Courtesy Penguin Random House

Awkward Teen Poetry as a Force for Good

Lily Myers’ YA novel ‘This Impossible Light’ examines one young woman’s eating disorder through verse.

We’ve all got those notebook pages crammed full of bad poetry skulking somewhere around in our pasts, don’t we? I know I tried to communicate the wretched angst and hormonal discomfort of my teen years in poetry. I filled page after page of three-hole-punched notebook paper with awful, unrhymed poems in a desperate attempt to communicate the hell of my perfectly safe and privileged adolescence to the world. Thankfully, I destroyed all those papers many years ago, but sometimes I can still summon a line to mind, and it invariably makes me cringe.

The ubiquity of those bad poems—the fact that everyone, including those who’d never picked up a book of poetry in their lives, writes poetry in their youth—leads me to conclude that bad poetry must serve some higher biological function. Maybe there’s something to the teenage years that can be communicated only through poetry. Perhaps those skinny columns bedecked with too many adjectives and heavy from way too much emotion are the best way to share the intensity of adolescence. Maybe complete sentences and rigorous formatting aren’t the right tool for the job.

Ravenna author Lily Myers understands that poetry is the right medium for talking about teenage years. Her new young-adult novel, This Impossible Light, is written entirely in verse. And it’s not even one book-length narrative; it’s broken up into a series of small poems, many just one page each. The atmosphere is like stumbling across some teenager’s secret journal, the hidden volume where she keeps all her dankest poetry, then reading it from front to back. The narrative, plain and clear, reads more like a diary than a collection of poetry.

Read the rest of this review in Seattle Weekly’s print edition or online here at Seattle Review of Books. Paul Constant is co-founder of The Seattle Review of Books. Read books coverage at seattlereviewofbooks.com.

More in Arts & Culture

Brandi Carlile Notches Six Grammy Nominations

Fellow Seattleites Alice in Chains, the late Chris Cornell, and the Seattle Symphony also are up for awards.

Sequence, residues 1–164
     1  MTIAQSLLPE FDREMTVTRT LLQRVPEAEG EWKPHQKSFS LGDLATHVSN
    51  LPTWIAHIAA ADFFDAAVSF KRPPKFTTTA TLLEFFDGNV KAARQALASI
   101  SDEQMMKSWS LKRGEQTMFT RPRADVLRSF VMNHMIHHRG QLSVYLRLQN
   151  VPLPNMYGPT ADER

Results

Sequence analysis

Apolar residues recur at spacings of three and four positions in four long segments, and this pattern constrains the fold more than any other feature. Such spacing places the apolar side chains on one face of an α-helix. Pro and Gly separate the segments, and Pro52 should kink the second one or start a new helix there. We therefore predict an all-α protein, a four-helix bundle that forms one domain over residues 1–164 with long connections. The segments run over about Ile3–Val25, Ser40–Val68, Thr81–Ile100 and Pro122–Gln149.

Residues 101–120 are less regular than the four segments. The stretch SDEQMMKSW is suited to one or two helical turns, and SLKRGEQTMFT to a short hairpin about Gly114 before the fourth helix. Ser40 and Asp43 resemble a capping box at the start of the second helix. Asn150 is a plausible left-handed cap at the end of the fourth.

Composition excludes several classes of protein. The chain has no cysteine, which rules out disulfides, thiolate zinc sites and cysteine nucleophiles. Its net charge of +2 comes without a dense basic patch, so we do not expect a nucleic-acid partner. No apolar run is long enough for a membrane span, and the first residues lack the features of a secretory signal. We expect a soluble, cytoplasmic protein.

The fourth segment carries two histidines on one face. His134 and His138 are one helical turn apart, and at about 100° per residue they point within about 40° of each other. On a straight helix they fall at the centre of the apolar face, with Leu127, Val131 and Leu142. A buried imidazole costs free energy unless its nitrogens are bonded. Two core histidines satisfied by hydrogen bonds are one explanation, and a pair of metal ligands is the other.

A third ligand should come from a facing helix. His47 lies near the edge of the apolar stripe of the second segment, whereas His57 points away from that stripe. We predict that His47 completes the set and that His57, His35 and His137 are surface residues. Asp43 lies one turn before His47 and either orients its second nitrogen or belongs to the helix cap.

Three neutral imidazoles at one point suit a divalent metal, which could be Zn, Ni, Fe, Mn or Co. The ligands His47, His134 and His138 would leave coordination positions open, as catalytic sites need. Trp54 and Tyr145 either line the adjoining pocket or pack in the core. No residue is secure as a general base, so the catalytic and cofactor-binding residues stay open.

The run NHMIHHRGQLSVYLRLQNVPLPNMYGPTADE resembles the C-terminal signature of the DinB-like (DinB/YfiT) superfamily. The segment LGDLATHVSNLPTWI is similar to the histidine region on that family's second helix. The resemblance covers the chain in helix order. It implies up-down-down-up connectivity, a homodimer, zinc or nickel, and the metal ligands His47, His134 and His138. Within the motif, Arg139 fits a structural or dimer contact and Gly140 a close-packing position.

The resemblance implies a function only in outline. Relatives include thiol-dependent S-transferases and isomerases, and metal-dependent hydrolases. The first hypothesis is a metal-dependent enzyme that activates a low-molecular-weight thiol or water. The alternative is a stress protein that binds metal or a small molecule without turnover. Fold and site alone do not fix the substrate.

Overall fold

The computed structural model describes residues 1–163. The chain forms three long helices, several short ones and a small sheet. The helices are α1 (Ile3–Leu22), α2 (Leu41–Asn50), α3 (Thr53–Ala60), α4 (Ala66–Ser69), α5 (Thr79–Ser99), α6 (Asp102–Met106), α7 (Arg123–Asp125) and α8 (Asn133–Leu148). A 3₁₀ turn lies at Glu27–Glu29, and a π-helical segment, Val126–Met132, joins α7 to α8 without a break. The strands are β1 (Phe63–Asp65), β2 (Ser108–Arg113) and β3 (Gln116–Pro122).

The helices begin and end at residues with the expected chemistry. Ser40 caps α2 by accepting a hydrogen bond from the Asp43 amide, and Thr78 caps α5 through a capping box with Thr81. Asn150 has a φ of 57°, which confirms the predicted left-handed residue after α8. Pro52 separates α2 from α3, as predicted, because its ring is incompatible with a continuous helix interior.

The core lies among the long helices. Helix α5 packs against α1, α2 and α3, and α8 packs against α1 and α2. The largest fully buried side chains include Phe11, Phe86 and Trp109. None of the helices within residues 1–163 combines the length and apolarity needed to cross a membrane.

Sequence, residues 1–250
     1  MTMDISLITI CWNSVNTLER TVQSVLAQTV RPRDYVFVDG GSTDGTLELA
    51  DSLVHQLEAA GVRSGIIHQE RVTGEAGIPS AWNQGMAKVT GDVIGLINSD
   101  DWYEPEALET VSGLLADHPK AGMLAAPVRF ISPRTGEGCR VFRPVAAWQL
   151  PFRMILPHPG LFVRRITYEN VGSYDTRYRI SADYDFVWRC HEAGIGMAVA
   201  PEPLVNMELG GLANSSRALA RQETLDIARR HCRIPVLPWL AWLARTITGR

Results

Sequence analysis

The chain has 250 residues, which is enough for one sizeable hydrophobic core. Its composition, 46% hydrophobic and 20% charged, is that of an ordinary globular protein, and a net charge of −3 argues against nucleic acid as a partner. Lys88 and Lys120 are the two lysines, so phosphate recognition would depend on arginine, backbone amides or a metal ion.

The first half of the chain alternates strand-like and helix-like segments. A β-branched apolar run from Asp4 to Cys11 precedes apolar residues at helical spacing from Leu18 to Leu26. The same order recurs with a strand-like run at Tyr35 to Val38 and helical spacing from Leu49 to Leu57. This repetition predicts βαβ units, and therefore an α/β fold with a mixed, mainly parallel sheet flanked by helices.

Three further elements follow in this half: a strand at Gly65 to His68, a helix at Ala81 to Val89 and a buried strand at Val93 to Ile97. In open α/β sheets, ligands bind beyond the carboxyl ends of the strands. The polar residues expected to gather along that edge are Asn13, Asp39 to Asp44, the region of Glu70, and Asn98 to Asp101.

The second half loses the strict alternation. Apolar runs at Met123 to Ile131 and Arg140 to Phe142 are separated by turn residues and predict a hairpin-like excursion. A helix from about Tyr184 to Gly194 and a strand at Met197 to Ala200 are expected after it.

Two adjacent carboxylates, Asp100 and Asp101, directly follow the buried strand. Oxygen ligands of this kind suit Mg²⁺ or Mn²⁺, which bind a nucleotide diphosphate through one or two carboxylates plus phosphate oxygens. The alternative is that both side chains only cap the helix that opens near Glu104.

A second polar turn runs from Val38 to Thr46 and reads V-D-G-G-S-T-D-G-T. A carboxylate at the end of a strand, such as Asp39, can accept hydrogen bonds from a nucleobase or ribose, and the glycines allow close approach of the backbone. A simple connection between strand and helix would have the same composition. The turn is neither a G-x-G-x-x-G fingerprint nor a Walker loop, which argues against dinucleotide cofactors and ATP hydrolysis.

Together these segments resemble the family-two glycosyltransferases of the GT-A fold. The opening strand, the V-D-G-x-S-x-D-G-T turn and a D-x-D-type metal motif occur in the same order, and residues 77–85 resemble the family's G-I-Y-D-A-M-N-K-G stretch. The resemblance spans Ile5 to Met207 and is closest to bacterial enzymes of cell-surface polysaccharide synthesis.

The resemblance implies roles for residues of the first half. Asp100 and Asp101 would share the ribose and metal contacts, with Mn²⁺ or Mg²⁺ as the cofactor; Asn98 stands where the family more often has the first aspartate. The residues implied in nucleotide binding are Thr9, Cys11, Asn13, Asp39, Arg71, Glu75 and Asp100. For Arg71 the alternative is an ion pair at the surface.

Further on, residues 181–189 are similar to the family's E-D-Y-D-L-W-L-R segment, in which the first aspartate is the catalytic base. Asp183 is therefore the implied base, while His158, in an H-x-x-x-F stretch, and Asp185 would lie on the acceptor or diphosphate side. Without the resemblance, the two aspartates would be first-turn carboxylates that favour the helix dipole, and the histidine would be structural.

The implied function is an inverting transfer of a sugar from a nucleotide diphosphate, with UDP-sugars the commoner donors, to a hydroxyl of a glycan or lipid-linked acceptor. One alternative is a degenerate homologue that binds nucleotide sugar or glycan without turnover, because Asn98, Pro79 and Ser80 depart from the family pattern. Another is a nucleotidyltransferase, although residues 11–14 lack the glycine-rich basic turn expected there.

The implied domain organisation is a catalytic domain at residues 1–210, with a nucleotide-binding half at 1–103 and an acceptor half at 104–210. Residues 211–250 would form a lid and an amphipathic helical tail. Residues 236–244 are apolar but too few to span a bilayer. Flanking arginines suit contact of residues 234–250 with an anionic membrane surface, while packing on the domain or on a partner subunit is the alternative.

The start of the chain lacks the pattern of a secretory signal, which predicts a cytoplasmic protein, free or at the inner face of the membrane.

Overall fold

Rachel Weisz and Emma Stone battle for the queen’s attention in <em>The Favourite</em>. Photo by Atsushi Nishijima/Twentieth Century Fox
Black Comedy with a Regal Veneer

Emma Stone and Rachel Weisz bring catty rivalry to the queen’s court in ‘The Favourite.’

Yalitza Aparicio (left) makes her feature debut as Cleo, the central character in <em>Roma</em>. Photo by Carlos Somonte
‘Roma’ Makes an Epic Film Out of an Intimate Story

Alfonso Cuarón’s memories and vision guide the Spanish-language Oscar front-runner about a young housekeeper in 1970s Mexico.

Book-It Rep’s ‘My Ántonia.’ Photo by John Ulman
In ‘My Antonia,’ Extraordinary Acting Packs a Punch

Book-It Rep’s diverse casting adds new depth to Willa Cather’s tale of friendship and hardship on the Great Plains.

Sister act: Hana Lass (Elizabeth), Kelly Karcher (Lydia), Melanie Hampton (Jane), and Shanna Allman (Mary) in ‘Miss Bennet.’ Photo by Erik Stuhaug
Taproot’s Jane Austen Sequel Hails Mary

A character whose first draft got short shrift finally finds happiness in ‘Miss Bennet: Christmas at Pemberley.’

‘In the Heights’ captures a big city neighborhood buzz at Seattle Rep. Photo by Michael Brosilow
Hitting the ‘Heights’

Seattle Rep’s production of ‘In the Heights,’ Lin-Manuel Miranda’s pre-‘Hamilton’ musical, is an energetic romp.

The Short Circuit Pacific Rim Film Festival tour stops at Northwest Film Forum with ‘Mental’ and more. Photo courtesy Short Circuit Pacific Rim Film Festival
Pick List: ‘My Àntonia,’ Sun Breaks, Bob Woodward

The week’s best entertainment offerings.

<em>‘Land of the Sweets: The Burlesque Nutcracker’</em> is returns to the Triple Door for its 13th edition. Photo by Angela Sterling
Seattle Holiday Arts Traditions Power Rankings

Which annual events deliver the most joy to the world?

Taron Egerton (Robin) and Jamie Foxx (John) take another crack at the classic in Robin Hood. Photo by Larry Horricks
The Arrows Miss Their Mark in ‘Robin Hood’

The legend’s latest rendition can’t overcome its modern smirky tone and bland lead actor.

Mahershala Ali and Viggo Mortensen form the odd couple that carries Green Book. 
Courtesy Universal Pictures
Stellar Acting Makes ‘Green Book’ A Smooth Ride

Despite its cornball touches, Mahershala Ali and Viggo Mortensen shine as a 1960s jazz pianist and his hired muscle.

If you can spread half as much spirit as the Menashe house in West Seattle (5605 Beach Dr. SW), it should be a winning holiday season. Photo by Joe Wolf/Flickr
Seattle Holiday Events Calendar 2018

Make the most of the season with 100+ regional festivals, concerts, stage shows, and more.